Liberal Democrats

In terms of politics, the European Union is one of the main topics; at the end of the day this is only fair as 75% of our law is made there. The Labour Party is happy for further European integration, so as the Liberal Democrats although Nick Clegg has called for a reduction in democratic deficit in the Union. This is because both parties are reasonably pro-free trade. However, the Labour Party and the Liberal Democrats don't seem to be aware of the political consequences in being part of a political union; the EU can control everything from hedge funds we own to what light bulbs we are allowed to use in our houses.

The Conservative Party and the UKIP are the main legitimate Euro-sceptic forces in Britain; both parties oppose further European integration however the degree varies – the Tories still wants to be part of the EU whilst the UKIP want an immediate withdrawal. On the other hand the far-right party BNP opposes any European projects as a whole. Clearly, in terms of Britain's membership in the European Union there are clear divisions between the parties and consensus is therefore hard to be found. Foreign policy between the main political forces varies as well.

Labour and the Conservatives share a similar position in that Britain has a responsibility to help out America in their military projects; such as Iraq and Afghanistan. However, other parties have very different views. The Liberal Democrats oppose using military as a means of interfering and intruding other countries, they believe it is morally incorrect and Nick Clegg has proudly opposed the War on Iraq and War of Afghanistan from day one. The UKIP who holds a rather libertarian perspective too opposes the War on Iraq and the War on Afghanistan too.

Parties on the left of the political spectrum such as the Greens and RESPECT both oppose military intervention. Immigration is perhaps the most sensitive political issue facing the country at present time. Although the Labour government has said they would and they are doing something about immigration results is hardly seen by the general public. There are clear divisions between the parties regarding immigration. The Conservative Party has promised to be tough on immigration however Cameron has been vague on what he will actually do.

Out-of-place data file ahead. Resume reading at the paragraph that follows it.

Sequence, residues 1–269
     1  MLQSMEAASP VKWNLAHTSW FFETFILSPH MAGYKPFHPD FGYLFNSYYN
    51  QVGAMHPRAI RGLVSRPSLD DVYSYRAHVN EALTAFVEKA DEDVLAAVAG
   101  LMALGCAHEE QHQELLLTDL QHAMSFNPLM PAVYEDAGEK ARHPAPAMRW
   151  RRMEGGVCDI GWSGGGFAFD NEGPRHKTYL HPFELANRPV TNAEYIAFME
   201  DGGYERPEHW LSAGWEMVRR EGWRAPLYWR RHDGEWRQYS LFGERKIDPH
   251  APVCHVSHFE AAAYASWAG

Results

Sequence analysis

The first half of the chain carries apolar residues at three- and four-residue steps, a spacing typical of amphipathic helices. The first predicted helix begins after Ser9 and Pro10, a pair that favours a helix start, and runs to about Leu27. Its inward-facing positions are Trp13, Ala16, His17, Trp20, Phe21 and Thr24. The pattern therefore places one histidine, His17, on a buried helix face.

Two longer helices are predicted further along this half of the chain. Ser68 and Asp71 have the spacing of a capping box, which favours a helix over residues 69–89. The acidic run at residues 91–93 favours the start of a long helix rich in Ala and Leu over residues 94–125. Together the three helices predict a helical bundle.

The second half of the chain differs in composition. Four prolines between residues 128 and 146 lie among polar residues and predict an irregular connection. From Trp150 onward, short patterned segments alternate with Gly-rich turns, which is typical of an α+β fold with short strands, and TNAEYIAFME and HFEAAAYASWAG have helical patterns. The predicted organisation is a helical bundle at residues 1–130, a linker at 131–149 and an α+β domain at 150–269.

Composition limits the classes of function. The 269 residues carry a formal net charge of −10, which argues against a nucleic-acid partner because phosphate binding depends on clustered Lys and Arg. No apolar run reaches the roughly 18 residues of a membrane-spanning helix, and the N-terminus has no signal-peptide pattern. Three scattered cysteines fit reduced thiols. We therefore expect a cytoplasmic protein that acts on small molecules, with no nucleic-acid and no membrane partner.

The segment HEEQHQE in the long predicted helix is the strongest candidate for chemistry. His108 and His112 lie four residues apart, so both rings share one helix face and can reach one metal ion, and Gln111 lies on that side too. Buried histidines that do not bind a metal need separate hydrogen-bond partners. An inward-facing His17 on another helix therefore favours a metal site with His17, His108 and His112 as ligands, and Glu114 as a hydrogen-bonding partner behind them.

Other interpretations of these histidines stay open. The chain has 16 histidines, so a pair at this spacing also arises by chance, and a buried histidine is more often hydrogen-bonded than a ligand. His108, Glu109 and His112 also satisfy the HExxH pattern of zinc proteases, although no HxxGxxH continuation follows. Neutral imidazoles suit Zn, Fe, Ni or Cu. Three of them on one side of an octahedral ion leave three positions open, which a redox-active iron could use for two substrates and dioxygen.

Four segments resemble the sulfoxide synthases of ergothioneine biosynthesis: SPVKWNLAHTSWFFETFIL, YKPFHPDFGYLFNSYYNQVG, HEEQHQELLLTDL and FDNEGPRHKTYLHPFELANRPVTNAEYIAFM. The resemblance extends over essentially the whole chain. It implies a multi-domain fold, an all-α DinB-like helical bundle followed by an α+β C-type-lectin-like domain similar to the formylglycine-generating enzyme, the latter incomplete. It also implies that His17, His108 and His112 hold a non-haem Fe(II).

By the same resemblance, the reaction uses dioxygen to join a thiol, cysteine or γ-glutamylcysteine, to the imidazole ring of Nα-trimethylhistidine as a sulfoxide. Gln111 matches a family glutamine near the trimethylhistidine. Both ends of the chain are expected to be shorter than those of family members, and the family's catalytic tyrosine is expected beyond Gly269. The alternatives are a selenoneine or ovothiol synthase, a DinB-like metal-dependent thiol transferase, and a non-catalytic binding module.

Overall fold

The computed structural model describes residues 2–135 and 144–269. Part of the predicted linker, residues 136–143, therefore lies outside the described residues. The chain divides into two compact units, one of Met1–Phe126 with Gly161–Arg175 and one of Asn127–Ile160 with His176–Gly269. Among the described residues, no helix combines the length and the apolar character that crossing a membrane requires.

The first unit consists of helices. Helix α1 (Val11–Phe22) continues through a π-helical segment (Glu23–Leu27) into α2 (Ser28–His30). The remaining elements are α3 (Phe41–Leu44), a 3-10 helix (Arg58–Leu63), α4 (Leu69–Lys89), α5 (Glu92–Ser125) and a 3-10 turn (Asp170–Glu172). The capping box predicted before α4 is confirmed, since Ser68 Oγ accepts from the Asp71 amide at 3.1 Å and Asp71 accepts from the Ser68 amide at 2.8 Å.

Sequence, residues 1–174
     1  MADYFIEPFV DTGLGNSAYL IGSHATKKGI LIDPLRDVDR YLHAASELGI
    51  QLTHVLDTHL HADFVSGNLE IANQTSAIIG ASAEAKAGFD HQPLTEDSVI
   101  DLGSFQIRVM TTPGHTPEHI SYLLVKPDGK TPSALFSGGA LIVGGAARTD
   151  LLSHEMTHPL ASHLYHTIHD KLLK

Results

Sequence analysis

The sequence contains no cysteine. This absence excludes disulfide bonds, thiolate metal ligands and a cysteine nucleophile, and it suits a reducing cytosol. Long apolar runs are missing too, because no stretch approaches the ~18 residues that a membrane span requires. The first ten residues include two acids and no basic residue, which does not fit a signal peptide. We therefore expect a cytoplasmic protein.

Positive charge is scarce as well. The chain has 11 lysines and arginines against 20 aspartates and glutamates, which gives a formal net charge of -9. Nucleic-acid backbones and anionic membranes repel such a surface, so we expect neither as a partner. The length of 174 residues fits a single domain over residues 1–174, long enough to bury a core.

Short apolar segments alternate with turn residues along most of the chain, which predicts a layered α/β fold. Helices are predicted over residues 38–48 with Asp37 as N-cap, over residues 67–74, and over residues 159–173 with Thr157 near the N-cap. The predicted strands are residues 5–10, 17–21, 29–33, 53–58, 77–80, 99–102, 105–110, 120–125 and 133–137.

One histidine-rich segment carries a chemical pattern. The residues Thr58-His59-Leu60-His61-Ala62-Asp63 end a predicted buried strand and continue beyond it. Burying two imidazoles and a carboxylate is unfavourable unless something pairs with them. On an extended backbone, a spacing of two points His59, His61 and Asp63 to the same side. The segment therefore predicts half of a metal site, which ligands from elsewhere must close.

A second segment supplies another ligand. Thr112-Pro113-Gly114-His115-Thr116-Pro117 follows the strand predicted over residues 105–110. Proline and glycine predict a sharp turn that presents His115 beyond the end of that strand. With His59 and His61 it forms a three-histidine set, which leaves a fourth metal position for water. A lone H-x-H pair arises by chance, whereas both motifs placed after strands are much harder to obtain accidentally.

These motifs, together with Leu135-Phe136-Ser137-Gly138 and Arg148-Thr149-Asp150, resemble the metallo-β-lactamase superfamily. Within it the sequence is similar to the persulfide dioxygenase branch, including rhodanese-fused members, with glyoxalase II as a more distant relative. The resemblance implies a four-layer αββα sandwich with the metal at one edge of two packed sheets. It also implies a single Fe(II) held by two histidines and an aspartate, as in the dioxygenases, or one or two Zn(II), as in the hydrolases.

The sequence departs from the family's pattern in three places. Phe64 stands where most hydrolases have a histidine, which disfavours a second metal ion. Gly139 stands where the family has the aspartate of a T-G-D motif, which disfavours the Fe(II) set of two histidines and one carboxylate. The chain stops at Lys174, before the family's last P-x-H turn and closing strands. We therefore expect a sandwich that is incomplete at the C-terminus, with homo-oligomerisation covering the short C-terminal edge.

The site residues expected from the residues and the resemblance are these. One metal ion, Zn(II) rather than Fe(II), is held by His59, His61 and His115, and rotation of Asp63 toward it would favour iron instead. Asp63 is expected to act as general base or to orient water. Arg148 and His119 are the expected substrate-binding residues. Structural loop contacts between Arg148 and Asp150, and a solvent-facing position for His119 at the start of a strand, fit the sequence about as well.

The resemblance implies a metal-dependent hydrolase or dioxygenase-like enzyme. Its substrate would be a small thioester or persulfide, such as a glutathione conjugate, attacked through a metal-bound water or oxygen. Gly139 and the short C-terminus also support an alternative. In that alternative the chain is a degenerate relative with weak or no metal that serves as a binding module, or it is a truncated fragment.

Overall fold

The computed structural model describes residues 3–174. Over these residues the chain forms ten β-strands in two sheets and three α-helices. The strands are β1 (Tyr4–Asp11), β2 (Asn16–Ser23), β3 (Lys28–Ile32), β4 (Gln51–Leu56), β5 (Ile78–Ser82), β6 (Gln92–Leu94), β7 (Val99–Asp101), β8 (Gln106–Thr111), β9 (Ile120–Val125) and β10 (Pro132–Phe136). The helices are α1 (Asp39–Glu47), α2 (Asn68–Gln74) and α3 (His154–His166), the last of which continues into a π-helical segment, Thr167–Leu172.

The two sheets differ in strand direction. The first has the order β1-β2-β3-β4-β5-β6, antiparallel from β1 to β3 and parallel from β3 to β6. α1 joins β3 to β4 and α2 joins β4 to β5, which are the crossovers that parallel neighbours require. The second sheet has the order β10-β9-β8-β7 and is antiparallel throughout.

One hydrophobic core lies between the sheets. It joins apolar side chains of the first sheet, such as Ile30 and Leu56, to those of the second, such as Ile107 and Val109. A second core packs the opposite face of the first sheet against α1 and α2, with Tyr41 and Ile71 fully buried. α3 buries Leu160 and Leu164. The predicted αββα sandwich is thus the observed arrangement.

UKIP on the other hand wants to take a non racist approach to dealing with the situation; the party pledges to follow an Australian or New Zealand based model of points-based immigration as well as a 5 year freeze on permanent immigration. BNP would like to deport immigrants and prevent asylum seekers from entering the country; there selection of immigrants would be based upon race and religion. It can also be argued that the nature of the political system itself divides the political parties and prevents consensus.

First of all, there is a lack in representation due to the FPTP electoral system, supporting the two-and-a-half party system. The results therefore usually bring to power a majority party who can pass laws as their leader pleases and a minority party who is in many cases powerless. This means the minority party in United Kingdom has no real role in governing as they are not involve in any sort of a coalitions, thus all they can do is protest and go against the party in power.

They will also want to distinguish themselves from the majority party in hope that they will be voted into power next time. This does not promote political consensus. Secondly, due to voters of minority parties feeling powerless and hopeless due to the electoral system they are in many cases forced to express their opinions through other means. Protest is one of the methods and the London G20 Submit Protests in 2009 is an example. It is clear that Labour and Conservatives have moved towards the centre ground in the political spectrum in the recent years.

The reason for this is simple – the parties have realised their past mistakes. Tony Blair realized from the failures of the 1980's that a party cannot be dominated by unionists. David Cameron learnt from the failures of the late 1990's and realised the only way the Tories is going to get into power is by appealing to everyone – especially the middle class. He said in the party conference speech that the Conservatives must not only be "the party for the rich".

In many ways, the voters have placed a substantial role in centralizing politics; they have proven to politicians that they are not attracted by the extreme left or the extreme right but rather moderate politics contributing to stability and progress. However, regardless of exaggerated media reports or opinions from fanatic extremists, the two main political forces in the country are not the same and when you put in the other political forces such as the Liberal Democrats, UKIP, Greens, Respect and BNP, the differences and the lack in consensus between the parties simply cannot be clearer.

There are things which Cameron's Conservatives would not have done if they were in power instead of Labour; there are also things in which Nick Clegg's Liberal Democrats would not have done if they were in power instead of Labour. Ahead of the election season, parties will try even harder to distinguish themselves from each others to unleash their self promoted uniqueness in attempt to capture and attract swing voters.